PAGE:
"We are not measured by the trials we meet -- only by those we overcome."
- - Spencer W. Kimball
August 23, 2012
Meals for New Moms
by Cyndie Swindlehurst


We live in a large ward with many young couples having many babies. Of some debate is how many meals should be provided for a family when a baby is born, who should provide the meals, and who decides the number and providers of the meals.

Also, does the family get a say in what kind of meal is provided? Must dishes be returned to the provider or must the provider pick them up? And is a thank you note required?

Do you have an opinion?


Yes! I always have an opinion.

And I also have a lot of experience receiving Relief Society meals, thanks to chemotherapy a few years back. I was unable to make dinner, clean the house, tend my little children, or do anything else for the better part of a year.

If you ever want to see the Relief Society in action, get cancer! My visiting teacher and my next-door neighbor did so much for me I dare not try to quantify it. Various members of my family lived with us for five months. Then, my friends tended my children and cleaned my house and the Relief Society fed us. For months.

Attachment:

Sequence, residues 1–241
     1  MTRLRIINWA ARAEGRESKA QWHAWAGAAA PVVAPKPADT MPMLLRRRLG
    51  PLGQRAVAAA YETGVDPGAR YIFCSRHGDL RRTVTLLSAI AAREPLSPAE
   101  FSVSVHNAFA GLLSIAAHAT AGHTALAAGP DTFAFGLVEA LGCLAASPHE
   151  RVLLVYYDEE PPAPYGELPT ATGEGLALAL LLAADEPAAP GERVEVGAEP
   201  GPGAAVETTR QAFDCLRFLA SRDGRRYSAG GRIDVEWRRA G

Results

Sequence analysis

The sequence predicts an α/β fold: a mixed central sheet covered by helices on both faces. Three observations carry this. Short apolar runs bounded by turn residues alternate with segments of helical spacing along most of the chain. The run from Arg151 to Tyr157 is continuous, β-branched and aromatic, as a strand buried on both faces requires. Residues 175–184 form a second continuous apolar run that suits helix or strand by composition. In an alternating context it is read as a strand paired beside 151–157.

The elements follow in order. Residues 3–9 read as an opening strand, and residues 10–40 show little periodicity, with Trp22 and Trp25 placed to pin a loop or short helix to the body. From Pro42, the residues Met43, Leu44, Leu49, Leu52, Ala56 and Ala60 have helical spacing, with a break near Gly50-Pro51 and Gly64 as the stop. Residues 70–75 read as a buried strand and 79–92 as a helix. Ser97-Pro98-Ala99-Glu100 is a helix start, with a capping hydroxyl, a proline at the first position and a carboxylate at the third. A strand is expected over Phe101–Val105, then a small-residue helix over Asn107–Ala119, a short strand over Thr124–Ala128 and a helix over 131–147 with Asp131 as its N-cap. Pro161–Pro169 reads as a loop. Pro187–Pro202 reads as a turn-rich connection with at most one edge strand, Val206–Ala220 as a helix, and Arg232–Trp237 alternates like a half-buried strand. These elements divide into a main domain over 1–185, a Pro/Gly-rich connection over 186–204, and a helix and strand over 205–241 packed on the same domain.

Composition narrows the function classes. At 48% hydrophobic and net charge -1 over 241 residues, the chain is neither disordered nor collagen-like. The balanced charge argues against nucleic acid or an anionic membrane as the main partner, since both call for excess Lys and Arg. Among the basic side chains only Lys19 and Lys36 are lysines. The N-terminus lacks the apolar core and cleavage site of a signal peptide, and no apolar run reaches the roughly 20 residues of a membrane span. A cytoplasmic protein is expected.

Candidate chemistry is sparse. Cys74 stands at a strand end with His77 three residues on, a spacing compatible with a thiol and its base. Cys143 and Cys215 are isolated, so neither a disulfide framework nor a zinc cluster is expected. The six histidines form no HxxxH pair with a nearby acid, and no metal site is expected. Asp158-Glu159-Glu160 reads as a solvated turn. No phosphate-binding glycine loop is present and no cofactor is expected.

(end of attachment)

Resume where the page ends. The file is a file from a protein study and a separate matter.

The Relief Society is a storehouse of time, talent, and resources. It should be used wisely to relieve suffering and provide service to people who cannot provide for themselves. I completely support providing meals to families with new babies or who are unable to cook due to illness. But I am wary of ordering meals every time someone needs to feel “loved” or “supported.”

If a sister needs “love” or “support,” but not an actual meal, I think it’s better to call or visit. It is a poor use of Relief Society resources to ask someone to cook and deliver a platter of food to, for example, a family with a laid-up mother but a healthy husband and teenaged children. Or to a sister who is not actually incapable of making dinner (hot dogs!) herself.

Now as to your specific questions.

First: Who decides who should provide the meals and how many meals shall be provided?

Under the direction of the bishopric, the Relief Society president and her counselors oversee compassionate service in the ward. Also, a sister (and assistants) may be called to help the Relief Society presidency identify and coordinate compassionate service. You can read all about it in Handbook 2, sections 9.2.1, 9.2.2, 9.2.5, which is available on the Church website under Resources, then Leadership and Training.